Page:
The dotted path represents a parabolic trajectory and the solid path represents the actual trajectory. The difference between the two paths is due to air resistance acting on the object, \(\overrightarrow{\mathbf{F}}^{a i r}=-b v^{2} \hat{\mathbf{v}}\), where \(\hat{\mathbf{v}}\) is a unit vector in the direction of the velocity. (For the orbits shown in Figure \(5.1, b=0.01 \mathrm{N} \cdot \mathrm{s}^{2} \cdot \mathrm{m}^{-2}\), \(\left|\overrightarrow{\mathbf{v}}_{0}\right|=30.0 \mathrm{m} \cdot \mathrm{s}\), the initial launch angle with respect to the horizontal \(\theta_{0}=21^{\circ}\) and the actual horizontal distance traveled is \(71.7 \%\) of the projectile orbit.). There are other factors that can influence the path of motion; a rotating body or a special shape can alter the flow of air around the body, which may induce a curved motion or lift like the flight of a baseball or golf ball. We shall begin our analysis by neglecting all interactions except the gravitational interaction.

Choose coordinates with the positive y-axis in the upward vertical direction and the positive x-axis in the horizontal direction in the direction that the object is moving horizontally. Choose the origin at the ground immediately below the point the object is released. Figure 5.2 shows our coordinate system with the position of the object \(\overrightarrow{\mathbf{r}}(t)\) at time t , the initial velocity \(\overrightarrow{\mathbf{v}}_{0}\), and the initial angle \(\theta_{0}\) with respect to the horizontal, and the coordinate functions x(t) and y(t).

**Initial Conditions:**

Decompose the initial velocity vector into its components:

\[\overrightarrow{\mathbf{v}}_{0}=v_{x, 0} \hat{\mathbf{i}}+v_{y, 0} \hat{\mathbf{j}} \nonumber \]

The vector decomposition for the initial velocity is shown in Figure 5.3. Often the description of the flight of a projectile includes the statement, “a body is projected with an initial speed \(v_{0}\) at an angle \(\theta_{0}\) with respect to the horizontal.” The components of the initial velocity can be expressed in terms of the initial speed and angle according to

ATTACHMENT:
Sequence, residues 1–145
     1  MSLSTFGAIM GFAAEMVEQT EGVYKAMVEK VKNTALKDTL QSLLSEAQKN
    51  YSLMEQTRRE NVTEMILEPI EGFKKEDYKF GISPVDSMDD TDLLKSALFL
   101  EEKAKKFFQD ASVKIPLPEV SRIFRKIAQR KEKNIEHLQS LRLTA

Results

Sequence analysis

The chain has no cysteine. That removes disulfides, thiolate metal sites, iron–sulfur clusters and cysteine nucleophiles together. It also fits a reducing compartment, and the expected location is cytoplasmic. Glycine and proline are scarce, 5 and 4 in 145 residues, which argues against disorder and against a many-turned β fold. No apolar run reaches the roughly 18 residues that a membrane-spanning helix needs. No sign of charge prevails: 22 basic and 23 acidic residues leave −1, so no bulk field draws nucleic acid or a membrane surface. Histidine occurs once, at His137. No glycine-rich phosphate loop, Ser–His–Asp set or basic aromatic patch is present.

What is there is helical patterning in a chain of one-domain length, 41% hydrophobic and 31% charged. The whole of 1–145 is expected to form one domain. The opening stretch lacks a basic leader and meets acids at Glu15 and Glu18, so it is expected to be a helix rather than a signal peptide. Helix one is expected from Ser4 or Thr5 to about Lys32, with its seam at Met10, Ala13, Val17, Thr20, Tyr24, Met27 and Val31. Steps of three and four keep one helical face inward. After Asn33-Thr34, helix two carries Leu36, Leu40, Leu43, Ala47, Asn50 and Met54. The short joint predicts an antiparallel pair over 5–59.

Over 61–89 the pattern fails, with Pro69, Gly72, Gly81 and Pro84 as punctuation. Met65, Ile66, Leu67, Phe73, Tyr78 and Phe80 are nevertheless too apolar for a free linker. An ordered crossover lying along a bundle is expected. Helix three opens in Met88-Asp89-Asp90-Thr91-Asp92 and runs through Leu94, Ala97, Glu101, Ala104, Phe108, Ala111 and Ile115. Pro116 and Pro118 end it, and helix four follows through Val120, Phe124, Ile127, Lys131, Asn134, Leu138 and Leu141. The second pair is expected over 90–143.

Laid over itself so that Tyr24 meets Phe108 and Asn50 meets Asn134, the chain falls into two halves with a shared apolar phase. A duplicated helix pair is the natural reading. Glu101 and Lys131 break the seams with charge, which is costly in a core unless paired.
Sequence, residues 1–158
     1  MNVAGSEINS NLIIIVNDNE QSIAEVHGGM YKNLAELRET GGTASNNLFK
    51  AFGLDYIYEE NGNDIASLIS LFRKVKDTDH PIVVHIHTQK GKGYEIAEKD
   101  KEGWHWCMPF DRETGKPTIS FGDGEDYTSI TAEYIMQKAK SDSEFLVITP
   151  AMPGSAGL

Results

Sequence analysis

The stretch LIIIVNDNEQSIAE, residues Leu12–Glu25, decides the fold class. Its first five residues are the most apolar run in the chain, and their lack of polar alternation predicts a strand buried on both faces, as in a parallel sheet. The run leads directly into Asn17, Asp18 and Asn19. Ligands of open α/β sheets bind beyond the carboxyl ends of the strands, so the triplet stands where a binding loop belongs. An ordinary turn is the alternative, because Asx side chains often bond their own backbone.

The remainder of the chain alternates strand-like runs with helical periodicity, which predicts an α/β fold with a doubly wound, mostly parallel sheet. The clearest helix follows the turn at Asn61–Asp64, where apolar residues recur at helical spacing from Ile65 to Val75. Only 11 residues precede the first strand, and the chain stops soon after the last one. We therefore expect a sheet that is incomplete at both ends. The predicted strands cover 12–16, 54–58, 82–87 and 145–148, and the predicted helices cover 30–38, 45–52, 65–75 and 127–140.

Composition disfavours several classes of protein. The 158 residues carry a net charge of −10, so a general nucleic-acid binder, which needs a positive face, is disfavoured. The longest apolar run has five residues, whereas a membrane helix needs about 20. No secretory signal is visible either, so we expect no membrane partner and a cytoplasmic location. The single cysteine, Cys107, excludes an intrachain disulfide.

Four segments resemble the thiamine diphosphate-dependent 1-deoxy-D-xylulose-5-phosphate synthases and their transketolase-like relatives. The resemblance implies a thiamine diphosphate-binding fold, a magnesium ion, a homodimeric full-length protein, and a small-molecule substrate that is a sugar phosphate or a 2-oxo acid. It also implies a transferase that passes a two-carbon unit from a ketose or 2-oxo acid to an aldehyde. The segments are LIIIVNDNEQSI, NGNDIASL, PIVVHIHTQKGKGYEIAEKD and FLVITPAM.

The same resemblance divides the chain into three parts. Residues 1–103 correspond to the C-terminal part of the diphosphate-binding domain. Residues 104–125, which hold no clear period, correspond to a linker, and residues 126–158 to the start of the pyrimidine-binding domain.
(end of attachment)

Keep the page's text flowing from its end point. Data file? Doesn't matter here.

\[v_{x, 0}=v_{0} \cos \theta_{0} \nonumber \]

\[v_{y, 0}=v_{0} \sin \theta_{0} \nonumber \]

Because the initial speed is the magnitude of the initial velocity, we have that

\[v_{0}=\left(v_{x, 0}^{2}+v_{y, 0}^{2}\right)^{1 / 2} \nonumber \]

The angle \(\theta_{0}\) is related to the components of the initial velocity by

\[\theta_{0}=\tan ^{-1}\left(v_{y, 0} / v_{x, 0}\right) \nonumber \]

Equation (5.1.8) will give two values for the angle \(\theta_{0}\), so care must be taken to choose the correct physical value. The initial position vector generally is given by

\[\overrightarrow{\mathbf{r}}_{0}=x_{0} \hat{\mathbf{i}}+y_{0} \hat{\mathbf{j}} \nonumber \]

Note that the trajectory in Figure 5.3 has \(x_{0}=0\), but this will not always be the case.

## Force Diagram

We begin by neglecting all forces other than the gravitational interaction between the object and the earth. This force acts downward with magnitude mg , where m is the mass of the object and \(g=9.8 \mathrm{m} \cdot \mathrm{s}^{-2}\). Figure 5.4 shows the force diagram on the object.

The vector decomposition of the force is

\[\overrightarrow{\mathbf{F}}^{g}=-m g \hat{\mathbf{j}} \nonumber \]